GRADE handbook for grading quality of evidence and strength of recommendations [Computer program]. Schünemann H, Brożek J, Guyatt G, Oxman A, editors; GRADE Working Group. www.guidelinedevelopment.org/handbook October 2013.

Shennan 1988

Shennan AT, Dunn MS, Ohlsson A, Lennox K, Hoskins EM. Abnormal pulmonary outcomes in premature infants: prediction from oxygen requirement in the neonatal period. Pediatrics 1988;82:527-32.

Soll 2001

Soll R, Özek E. Prophylactic animal derived surfactant extract for preventing morbidity and mortality in preterm infants. Cochrane Database of Systematic Reviews 1994, Issue 4. Art. No.: CD000511. DOI: 10.1002/14651858.CD000511.

Sosulski 1982

Sosulski R, Abbasi S, Fox WW. Therapeutic value of terbutaline in bronchopulmonary dysplasia. Pediatric Research 1982;16:309A.

Sweet 2000

Sweet DG, Halliday HL. A risk benefit assessment of drugs used for neonatal chronic lung disease. Drug Safety 2000;22:389-404.

Wan 2014

Wan X, Wang W, Liu J, Tong T. Estimating the sample mean and standard deviation from the sample size, median, range and/or interquartile range. BMC Medical Research Methodology 2014;14:135.

Other published versions of this review

Ng 2001

Ng GYT, da Silva O, Ohlsson A. Bronchodilators for the prevention and treatment of chronic lung disease in preterm infants. Cochrane Database of Systematic Reviews 2001, Issue 3. Art. No.: CD003214. DOI: 10.1002/14651858.CD003214.

Ng 2003

Ng GYT, da Silva O, Ohlsson A. Bronchodilators for the prevention and treatment of chronic lung disease in preterm infants. Cochrane Database of Systematic Reviews 2003, Issue 3. Art. No.: CD003214. DOI: 10.1002/14651858.CD003214.

Ng 2006

Ng GYT, da Silva O, Ohlsson A. Bronchodilators for the prevention and treatment of chronic lung disease in preterm infants. Cochrane Database of Systematic Reviews 2006, Issue 3. Art. No.: CD003214. DOI: 10.1002/14651858.CD003214.

Ng 2009

Ng GYT, da Silva O, Ohlsson A. Bronchodilators for the prevention and treatment of chronic lung disease in preterm infants. Cochrane Database of Systematic Reviews 2009, Issue 3. Art. No.: CD003214. DOI: 10.1002/14651858.CD003214.

Ng 2012

Ng G, da Silva O, Ohlsson A. Bronchodilators for the prevention and treatment of chronic lung disease in preterm infants. Cochrane Database of Systematic Reviews 2012, Issue 6. Art. No.: CD003214. DOI: 10.1002/14651858.CD003214.pub2.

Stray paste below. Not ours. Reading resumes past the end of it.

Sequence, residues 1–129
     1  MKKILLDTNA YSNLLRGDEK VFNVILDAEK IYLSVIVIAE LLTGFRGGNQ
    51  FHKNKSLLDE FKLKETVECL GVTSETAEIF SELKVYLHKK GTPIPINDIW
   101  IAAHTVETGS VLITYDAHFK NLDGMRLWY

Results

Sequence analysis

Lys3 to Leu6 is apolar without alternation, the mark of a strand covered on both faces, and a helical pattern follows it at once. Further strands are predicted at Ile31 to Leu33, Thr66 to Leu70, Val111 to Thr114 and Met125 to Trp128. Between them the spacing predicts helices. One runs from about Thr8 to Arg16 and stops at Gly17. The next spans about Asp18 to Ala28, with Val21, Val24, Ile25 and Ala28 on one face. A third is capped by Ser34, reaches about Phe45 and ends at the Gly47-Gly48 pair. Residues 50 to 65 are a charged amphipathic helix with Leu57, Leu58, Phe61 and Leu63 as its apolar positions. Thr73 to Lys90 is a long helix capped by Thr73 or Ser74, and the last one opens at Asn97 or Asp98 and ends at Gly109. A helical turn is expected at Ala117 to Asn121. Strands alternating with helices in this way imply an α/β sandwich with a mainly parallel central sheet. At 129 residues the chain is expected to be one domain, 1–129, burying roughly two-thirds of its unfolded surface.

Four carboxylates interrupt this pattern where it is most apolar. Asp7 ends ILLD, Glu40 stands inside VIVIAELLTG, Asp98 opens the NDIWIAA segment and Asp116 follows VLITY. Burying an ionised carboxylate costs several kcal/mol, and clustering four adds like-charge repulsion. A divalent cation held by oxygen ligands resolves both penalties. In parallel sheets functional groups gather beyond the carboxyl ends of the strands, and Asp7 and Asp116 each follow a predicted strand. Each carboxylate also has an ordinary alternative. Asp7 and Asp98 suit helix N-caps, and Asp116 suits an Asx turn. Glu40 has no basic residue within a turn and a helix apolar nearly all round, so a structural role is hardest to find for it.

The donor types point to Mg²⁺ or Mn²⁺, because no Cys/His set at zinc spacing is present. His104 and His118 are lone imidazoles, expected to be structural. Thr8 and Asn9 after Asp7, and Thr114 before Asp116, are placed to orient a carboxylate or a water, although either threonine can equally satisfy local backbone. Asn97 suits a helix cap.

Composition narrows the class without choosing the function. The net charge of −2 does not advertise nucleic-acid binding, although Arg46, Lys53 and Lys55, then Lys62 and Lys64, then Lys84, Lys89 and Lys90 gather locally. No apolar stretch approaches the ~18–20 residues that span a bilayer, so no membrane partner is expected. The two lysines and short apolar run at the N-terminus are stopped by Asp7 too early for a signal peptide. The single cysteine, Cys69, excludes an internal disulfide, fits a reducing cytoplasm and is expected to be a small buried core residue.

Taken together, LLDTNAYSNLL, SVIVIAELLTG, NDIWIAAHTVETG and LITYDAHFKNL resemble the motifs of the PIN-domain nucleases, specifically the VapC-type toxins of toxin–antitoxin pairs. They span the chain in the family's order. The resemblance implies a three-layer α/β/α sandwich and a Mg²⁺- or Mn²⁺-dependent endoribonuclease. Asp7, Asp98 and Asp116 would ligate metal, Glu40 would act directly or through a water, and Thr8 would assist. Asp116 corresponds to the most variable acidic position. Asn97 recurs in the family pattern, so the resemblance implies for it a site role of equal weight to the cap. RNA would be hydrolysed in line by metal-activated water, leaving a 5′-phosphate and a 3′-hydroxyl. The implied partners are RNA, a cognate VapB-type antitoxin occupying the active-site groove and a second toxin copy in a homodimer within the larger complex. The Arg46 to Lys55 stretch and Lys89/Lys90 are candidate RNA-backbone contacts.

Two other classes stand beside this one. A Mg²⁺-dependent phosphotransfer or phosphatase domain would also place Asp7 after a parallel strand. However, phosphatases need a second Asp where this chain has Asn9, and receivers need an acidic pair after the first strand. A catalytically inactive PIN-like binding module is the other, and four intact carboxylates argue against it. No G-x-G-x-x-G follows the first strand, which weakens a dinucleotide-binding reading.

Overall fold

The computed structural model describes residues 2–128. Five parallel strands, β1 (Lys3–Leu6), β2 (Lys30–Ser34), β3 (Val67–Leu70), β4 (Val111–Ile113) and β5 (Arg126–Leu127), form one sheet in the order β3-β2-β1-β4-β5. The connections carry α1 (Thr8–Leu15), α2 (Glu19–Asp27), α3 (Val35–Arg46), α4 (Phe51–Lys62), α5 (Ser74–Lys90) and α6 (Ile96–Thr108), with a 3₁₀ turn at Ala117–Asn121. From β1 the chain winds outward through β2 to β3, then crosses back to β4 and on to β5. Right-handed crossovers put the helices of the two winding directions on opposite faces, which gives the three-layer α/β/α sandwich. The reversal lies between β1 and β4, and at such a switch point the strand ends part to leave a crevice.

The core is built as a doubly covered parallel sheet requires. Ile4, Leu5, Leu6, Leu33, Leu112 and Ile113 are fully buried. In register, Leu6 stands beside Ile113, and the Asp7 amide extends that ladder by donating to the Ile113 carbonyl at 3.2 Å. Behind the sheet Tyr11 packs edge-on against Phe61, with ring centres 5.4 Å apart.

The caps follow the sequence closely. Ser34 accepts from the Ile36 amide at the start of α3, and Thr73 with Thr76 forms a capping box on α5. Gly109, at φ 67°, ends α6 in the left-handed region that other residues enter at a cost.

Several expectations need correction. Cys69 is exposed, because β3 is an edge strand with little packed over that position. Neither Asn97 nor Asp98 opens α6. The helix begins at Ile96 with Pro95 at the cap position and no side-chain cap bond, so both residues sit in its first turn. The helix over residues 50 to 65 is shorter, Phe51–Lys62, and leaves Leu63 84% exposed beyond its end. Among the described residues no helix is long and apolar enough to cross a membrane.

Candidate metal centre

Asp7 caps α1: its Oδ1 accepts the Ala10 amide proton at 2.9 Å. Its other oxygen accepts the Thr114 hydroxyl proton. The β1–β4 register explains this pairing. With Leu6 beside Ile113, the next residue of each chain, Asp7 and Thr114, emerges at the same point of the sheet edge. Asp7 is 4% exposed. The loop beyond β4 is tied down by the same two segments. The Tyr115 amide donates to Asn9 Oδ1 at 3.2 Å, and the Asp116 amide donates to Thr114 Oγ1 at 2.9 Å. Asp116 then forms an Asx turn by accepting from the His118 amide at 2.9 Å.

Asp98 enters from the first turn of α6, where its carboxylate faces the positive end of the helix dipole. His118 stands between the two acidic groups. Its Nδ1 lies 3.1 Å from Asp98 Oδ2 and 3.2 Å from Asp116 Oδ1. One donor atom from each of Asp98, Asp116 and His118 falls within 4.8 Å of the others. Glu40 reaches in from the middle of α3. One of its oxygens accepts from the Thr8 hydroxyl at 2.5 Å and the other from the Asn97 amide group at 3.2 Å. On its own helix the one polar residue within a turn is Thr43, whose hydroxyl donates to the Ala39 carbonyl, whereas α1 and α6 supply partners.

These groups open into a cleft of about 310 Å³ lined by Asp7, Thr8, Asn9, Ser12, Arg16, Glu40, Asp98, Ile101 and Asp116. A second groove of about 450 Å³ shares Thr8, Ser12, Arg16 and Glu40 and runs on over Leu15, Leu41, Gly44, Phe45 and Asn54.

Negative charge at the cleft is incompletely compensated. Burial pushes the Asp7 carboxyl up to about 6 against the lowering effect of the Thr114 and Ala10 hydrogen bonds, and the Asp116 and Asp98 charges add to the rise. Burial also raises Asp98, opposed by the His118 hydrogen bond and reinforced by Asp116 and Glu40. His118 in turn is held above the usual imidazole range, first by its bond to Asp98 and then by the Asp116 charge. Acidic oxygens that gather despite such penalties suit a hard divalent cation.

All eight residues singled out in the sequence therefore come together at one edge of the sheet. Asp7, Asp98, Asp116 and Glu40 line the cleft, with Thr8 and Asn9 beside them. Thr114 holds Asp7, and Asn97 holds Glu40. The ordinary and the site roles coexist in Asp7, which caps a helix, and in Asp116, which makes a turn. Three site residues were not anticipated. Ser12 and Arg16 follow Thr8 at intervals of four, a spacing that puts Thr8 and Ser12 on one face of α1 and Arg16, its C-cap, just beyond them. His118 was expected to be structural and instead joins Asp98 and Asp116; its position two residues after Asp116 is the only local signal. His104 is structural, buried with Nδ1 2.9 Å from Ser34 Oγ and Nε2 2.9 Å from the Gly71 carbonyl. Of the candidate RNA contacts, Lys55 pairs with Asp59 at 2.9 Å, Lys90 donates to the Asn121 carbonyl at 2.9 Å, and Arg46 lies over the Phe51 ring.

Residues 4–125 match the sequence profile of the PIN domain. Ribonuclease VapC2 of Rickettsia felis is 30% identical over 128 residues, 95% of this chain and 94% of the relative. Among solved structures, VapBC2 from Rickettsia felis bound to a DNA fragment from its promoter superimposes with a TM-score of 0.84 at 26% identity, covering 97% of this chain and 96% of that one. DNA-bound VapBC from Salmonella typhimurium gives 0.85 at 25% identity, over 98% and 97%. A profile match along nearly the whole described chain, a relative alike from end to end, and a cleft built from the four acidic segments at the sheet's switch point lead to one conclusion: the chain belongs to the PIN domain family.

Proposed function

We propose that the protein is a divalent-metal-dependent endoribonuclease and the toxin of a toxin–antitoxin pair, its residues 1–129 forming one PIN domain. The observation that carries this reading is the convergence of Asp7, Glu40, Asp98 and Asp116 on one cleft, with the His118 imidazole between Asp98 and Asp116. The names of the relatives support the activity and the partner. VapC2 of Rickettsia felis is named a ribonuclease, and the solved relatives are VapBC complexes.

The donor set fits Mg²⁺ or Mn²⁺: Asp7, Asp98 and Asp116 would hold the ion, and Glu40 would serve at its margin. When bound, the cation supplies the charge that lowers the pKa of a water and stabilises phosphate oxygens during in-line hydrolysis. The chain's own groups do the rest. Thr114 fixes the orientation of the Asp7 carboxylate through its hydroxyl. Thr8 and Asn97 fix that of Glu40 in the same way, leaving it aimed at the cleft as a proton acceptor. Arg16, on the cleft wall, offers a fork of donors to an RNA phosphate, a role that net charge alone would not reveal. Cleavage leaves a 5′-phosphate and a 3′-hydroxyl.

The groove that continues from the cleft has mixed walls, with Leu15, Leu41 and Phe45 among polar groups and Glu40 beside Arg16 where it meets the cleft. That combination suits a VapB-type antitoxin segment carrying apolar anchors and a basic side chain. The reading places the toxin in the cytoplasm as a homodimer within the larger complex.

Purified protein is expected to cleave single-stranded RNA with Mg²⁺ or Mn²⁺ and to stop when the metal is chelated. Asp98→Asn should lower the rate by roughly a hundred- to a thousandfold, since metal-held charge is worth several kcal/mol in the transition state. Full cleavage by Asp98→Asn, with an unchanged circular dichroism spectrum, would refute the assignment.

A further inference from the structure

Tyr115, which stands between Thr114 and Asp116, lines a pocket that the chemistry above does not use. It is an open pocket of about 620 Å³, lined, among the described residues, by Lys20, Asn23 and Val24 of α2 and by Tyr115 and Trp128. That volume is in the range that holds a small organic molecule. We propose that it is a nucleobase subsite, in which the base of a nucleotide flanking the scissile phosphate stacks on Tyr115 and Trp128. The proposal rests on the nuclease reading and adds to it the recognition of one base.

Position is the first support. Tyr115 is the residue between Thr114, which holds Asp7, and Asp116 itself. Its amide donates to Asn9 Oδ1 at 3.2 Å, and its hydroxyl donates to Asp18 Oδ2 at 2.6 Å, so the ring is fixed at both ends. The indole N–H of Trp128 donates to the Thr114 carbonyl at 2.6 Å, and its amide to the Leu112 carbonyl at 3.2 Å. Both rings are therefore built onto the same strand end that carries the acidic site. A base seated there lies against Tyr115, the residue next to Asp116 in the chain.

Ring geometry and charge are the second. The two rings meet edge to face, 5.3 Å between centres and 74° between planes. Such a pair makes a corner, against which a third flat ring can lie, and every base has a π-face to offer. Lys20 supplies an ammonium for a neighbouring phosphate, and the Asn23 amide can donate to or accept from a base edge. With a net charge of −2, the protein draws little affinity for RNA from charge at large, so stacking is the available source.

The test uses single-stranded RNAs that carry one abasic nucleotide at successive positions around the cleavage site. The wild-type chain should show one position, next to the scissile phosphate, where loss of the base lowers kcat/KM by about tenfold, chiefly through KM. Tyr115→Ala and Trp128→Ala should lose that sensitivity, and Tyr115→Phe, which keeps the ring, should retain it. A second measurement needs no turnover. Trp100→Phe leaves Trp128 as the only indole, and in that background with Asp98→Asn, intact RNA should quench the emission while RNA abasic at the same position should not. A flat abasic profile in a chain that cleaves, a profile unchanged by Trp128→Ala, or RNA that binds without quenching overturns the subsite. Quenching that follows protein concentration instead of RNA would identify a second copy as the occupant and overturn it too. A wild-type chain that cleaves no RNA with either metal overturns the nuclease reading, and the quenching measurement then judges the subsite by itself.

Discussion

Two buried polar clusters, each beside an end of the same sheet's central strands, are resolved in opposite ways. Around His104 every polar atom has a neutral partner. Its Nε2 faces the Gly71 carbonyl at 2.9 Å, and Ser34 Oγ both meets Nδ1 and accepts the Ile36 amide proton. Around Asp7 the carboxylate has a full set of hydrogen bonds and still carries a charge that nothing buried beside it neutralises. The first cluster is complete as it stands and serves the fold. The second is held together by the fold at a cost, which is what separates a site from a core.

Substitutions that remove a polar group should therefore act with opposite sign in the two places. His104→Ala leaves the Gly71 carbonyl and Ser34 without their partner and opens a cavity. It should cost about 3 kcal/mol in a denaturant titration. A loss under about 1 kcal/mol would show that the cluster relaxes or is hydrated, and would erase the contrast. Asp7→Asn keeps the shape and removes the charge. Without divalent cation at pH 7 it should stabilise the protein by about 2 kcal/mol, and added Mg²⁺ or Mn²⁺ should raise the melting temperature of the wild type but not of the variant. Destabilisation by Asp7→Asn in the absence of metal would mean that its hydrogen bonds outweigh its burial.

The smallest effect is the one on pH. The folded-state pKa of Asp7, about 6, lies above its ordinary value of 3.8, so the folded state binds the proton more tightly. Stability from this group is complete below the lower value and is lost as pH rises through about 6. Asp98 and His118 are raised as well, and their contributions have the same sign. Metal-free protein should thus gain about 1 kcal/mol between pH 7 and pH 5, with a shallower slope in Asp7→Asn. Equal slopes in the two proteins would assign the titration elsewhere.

Classification pending references

None noted.

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Data and analyses

1 Salbutamol versus placebo in the prophylaxis of CLD

Outcome or Subgroup Studies Participants Statistical Method Effect Estimate
1.1 Mortality 1 173 Risk Ratio (M-H, Fixed, 95% CI) 1.08 [0.50, 2.31]
1.2 CLD at 28 days 1 173 Risk Ratio (M-H, Fixed, 95% CI) 1.03 [0.78, 1.37]
1.3 Duration of assisted ventilation (days) 1 173 Mean Difference (IV, Fixed, 95% CI) -1.63 [-5.63, 2.37]
1.4 Duration of oxygen supplementation (days) 1 173 Mean Difference (IV, Fixed, 95% CI) -2.82 [-11.91, 6.27]
1.5 Age of weaning from ventilatory support (days) 1 173 Mean Difference (IV, Fixed, 95% CI) -2.87 [-11.28, 5.54]
1.6 Need for intravenous dexamethasone 1 173 Risk Ratio (M-H, Fixed, 95% CI) 0.77 [0.49, 1.19]
1.7 Infants with 1 or more episodes of respiratory infection 1 173 Risk Ratio (M-H, Fixed, 95% CI) 0.61 [0.27, 1.39]
1.8 Infants with 1 or more episodes of sepsis (positive blood culture) 1 173 Risk Ratio (M-H, Fixed, 95% CI) 1.06 [0.54, 2.06]

 

2 Aminophylline versus no intervention in the prophylaxis of CLD

Outcome or Subgroup Studies Participants Statistical Method Effect Estimate
2.1 Mortality 1 52 Risk Ratio (M-H, Fixed, 95% CI) 3.00 [0.33, 26.99]
2.2 CLD at 28 days 1 52 Risk Ratio (M-H, Fixed, 95% CI) 0.18 [0.04, 0.74]
2.3 Duration of dependency of supplementary oxygen (days) 1 52 Mean Difference (IV, Fixed, 95% CI) -17.75 [-27.56, -7.94]
2.4 Side effects (tachycardia, hypertension) 1 52 Risk Ratio (M-H, Fixed, 95% CI) Not estimable
 

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Figures

Figure 1

Refer to Figure 1 caption below.

Study flow diagram: review update (Figure 1).

Figure 2

Refer to Figure 2 caption below.

Risk of bias graph: review authors' judgements about each risk of bias item presented as percentages across all included studies (Figure 2).

Figure 3

Refer to Figure 3 caption below.

Risk of bias summary: review authors' judgements about each risk of bias item for each included study (Figure 3).

Figure 4 (Analysis 2.2)

Refer to Figure 4 caption below.

Forest plot of comparison: 2 Aminophylline versus no intervention in the prophylaxis of CLD, outcome: 2.2 CLD at 28 days (Figure 4).

Figure 5 (Analysis 2.3)

Refer to Figure 5 caption below.

Forest plot of comparison: 2 Aminophylline versus no intervention in the prophylaxis of CLD, outcome: 2.3 Duration of dependency on supplementary oxygen (days) (Figure 5).

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Sources of support

Internal sources

  • Imperial College Healthcare NHS Trust, London, UK
  • Children's Hospital at London Health Sciences Centre, London, Ontario, Canada
  • Mount Sinai Hospital, Toronto, Ontario, Canada

External sources

  • Eunice Kennedy Shriver National Institute of Child Health and Human Development, National Institutes of Health, Department of Health and Human Services, USA

    Editorial support of the Cochrane Neonatal Review Group has been funded with Federal funds from the Eunice Kennedy Shriver National Institute of Child Health and Human Development, National Institutes of Health, Department of Health and Human Services, USA, under Contract No. HHSN275201600005C